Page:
Best Fan Type to Push or Pull Air?

Discussion in 'Hydrodynamics and Aerodynamics' started by CatBuilder, May 20, 2012.

  1. CatBuilder

    CatBuilder Previous Member

    I am looking ahead to fan types for a couple of applications I don't want to go into full detail on yet (so as not to create thread drift).

    I'm looking to find what the best fans shapes are for pulling air through a heat exchanger (like an air conditioner's evaporator coil) and for pushing air through that same heat exchanger.

    Ideally, I'm looking for high CFM, low amp draw and ability to push or pull the air through the heat exchanger.

    What type of fan geometry is best (and most efficient) for doing this?
  2. Stumble
    Joined: Oct 2008
    Posts: 1,913
    Likes: 73, Points: 48, Legacy Rep: 739
    Location: New Orleans

    Stumble Senior Member

    It really depends on the application, how much preassure is needed, the amount of particulate in the air, and what you are shooting for... See and Blowers.pdf for a detailed explanation of different fan types.

    Typically on a boat engine room fans should be positive preassure, meaning they force air into the engine room, with either a matching exhaust fan, or free exhaust. This keeps the engine room slightly pressurized minimizing the amount of dust and water droplets that will land on the engine.
  3. CatBuilder

    CatBuilder Previous Member

    Thanks, Stumble. This is for HVAC. I think they like to use squirrel cage fans, but I wasn't sure...

    I guess it's a blower I'm looking for... based on what I'm starting to read in the link you gave.
  4. DCockey
    Joined: Oct 2009
    Posts: 5,229
    Likes: 634, Points: 113, Legacy Rep: 1485
    Location: Midcoast Maine

    DCockey Senior Member

    Answer depends on:
    - Flow rate
    - Pressure drop characteristics of the heat exchanges
    - Other factors causing resistance / pressure loss
    - Geometry and space available
    - Fan technology available. Shrouded axial flow fans with molded blades that have good airfoil sections are much more efficient than axial flow fans with sheet metal blades.

    For automotive condensors and radiators fans behind the heat exhangers are more efficient than the same technology fans ahead of heat exhangers.
  5. CatBuilder

    CatBuilder Previous Member

    That's the info I was looking for, thanks. It was also in Stumble's link. I needed a starting point to understand which type of fan was more efficient.

    Incidentally, why do they use cheaper, propeller axial fans to blow through automotive radiators? Lower cost? Geometry of installation?

    I think the type of centrifugal fan I need for Hvac is called a crossflow fan. Apparently, the stream of air is more uniform and they are much more quiet.
  6. DCockey
    Joined: Oct 2009
    Posts: 5,229
    Likes: 634, Points: 113, Legacy Rep: 1485
    Location: Midcoast Maine

    DCockey Senior Member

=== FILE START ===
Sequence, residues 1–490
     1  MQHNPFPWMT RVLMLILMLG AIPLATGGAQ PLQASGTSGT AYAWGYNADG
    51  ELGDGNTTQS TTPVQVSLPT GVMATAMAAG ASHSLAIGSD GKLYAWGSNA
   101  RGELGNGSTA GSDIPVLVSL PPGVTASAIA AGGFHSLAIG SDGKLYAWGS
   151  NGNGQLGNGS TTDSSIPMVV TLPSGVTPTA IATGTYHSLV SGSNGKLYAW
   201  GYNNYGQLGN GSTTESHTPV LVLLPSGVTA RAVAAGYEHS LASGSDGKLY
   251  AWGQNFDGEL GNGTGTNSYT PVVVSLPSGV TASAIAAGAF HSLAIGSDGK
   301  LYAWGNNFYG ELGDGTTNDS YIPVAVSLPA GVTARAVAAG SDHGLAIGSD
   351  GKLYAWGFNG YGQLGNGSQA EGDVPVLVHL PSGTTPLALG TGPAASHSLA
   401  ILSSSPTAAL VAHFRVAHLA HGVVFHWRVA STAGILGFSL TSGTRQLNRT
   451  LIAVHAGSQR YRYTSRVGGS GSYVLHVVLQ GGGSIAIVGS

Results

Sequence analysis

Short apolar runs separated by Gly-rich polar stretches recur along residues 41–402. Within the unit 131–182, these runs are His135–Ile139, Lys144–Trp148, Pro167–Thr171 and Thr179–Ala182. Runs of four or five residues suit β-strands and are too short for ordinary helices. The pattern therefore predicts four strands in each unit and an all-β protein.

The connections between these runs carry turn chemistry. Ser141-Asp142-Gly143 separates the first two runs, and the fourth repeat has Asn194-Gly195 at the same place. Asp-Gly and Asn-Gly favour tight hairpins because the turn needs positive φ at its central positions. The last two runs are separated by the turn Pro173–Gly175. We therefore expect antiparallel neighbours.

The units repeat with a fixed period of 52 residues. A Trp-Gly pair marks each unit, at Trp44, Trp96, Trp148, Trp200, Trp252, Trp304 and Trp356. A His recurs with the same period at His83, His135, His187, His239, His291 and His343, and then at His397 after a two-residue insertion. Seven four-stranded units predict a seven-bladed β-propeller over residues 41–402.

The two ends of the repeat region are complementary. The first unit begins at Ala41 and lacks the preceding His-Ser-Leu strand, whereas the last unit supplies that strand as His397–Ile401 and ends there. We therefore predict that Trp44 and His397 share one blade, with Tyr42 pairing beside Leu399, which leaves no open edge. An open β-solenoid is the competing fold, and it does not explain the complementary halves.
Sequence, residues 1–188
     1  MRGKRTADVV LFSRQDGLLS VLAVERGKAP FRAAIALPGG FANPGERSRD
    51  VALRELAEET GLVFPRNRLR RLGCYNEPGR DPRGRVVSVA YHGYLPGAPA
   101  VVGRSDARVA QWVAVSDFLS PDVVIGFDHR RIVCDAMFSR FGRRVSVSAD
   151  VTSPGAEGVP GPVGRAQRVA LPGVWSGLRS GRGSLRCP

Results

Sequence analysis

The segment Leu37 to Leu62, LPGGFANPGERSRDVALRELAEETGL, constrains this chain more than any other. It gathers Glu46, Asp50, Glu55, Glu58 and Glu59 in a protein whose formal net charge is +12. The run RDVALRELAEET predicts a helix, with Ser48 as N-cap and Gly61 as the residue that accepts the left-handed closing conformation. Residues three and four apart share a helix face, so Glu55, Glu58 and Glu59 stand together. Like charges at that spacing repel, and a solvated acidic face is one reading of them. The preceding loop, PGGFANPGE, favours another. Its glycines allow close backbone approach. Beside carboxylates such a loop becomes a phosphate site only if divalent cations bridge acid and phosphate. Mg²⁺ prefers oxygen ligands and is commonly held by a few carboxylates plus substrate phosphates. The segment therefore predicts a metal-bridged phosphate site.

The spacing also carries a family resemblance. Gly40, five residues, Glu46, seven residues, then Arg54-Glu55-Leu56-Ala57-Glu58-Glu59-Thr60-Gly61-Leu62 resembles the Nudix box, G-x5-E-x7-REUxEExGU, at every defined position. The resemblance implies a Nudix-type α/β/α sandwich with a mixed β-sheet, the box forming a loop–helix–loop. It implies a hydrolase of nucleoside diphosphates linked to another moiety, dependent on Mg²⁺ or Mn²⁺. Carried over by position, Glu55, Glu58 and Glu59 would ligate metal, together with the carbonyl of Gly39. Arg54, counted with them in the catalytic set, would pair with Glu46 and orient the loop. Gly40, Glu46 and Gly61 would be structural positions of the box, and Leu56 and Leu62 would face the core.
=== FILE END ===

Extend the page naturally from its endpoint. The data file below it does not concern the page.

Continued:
Geometry, available space, and minimizing need to power the fans are reasons axial flow fans are used for automotive cooling. The transverse dimenisions of the heat exchangers are much larger than the length of the space available ahead of or behind the heat exchangers. And minimizing front end length is desirable for both asthetic and technical reasons. Also it is desirable to not need to run the fan all the time but to be able to use "ram air flow" instead when the cooling requirements are lower and the vehicle is moving.

    I'm skeptical of the typical efficiencies shown for axial flow "propeller" type fans in Stumble's reference. My guess is those are for fans with simple sheet metal blades as shown in the photo in the document. High efficiency automotive cooling fans use molded fans with airfoil sections and tip rings. The blade planview shape and twist are chosen to maximize efficiency and minimize noise. I'm sure there are examples of automotive fans in use today which are less efficient designs but what I described above was in production use twenty years ago.

    I don't think axial flow fans are necessarially less expensive than centrifugal fans. It depends a lot on the materials and manufacturing methods used for both. Automotive HVAC fans typically use centrifugal fans. On the other hand AC compressor & condensor modules which are located outside of buildings typically use axial flow fans.
  7. yipster
    Joined: Oct 2002
    Posts: 3,486
    Likes: 97, Points: 58, Legacy Rep: 1148
    Location: netherlands

    yipster designer

    guess its a heavy application? for cooling smaller stuff you may look at small pc fans, 12v, low consumption, cheap and they come upto 10 inch

  8. CDK
    Joined: Aug 2007
    Posts: 3,324
    Likes: 148, Points: 63, Legacy Rep: 1819
    Location: Adriatic sea

    CDK retired engineer

    The size of the radiator and the fact that most air movement comes from driving, anything else than a propeller would be impractical. But most car heaters have a radial fan: higher pressure, smaller size and less noise.
Forum posts represent the experience, opinion, and view of individual users. Boat Design Net does not necessarily endorse nor share the view of each individual post.
When making potentially dangerous or financial decisions, always employ and consult appropriate professionals. Your circumstances or experience may be different.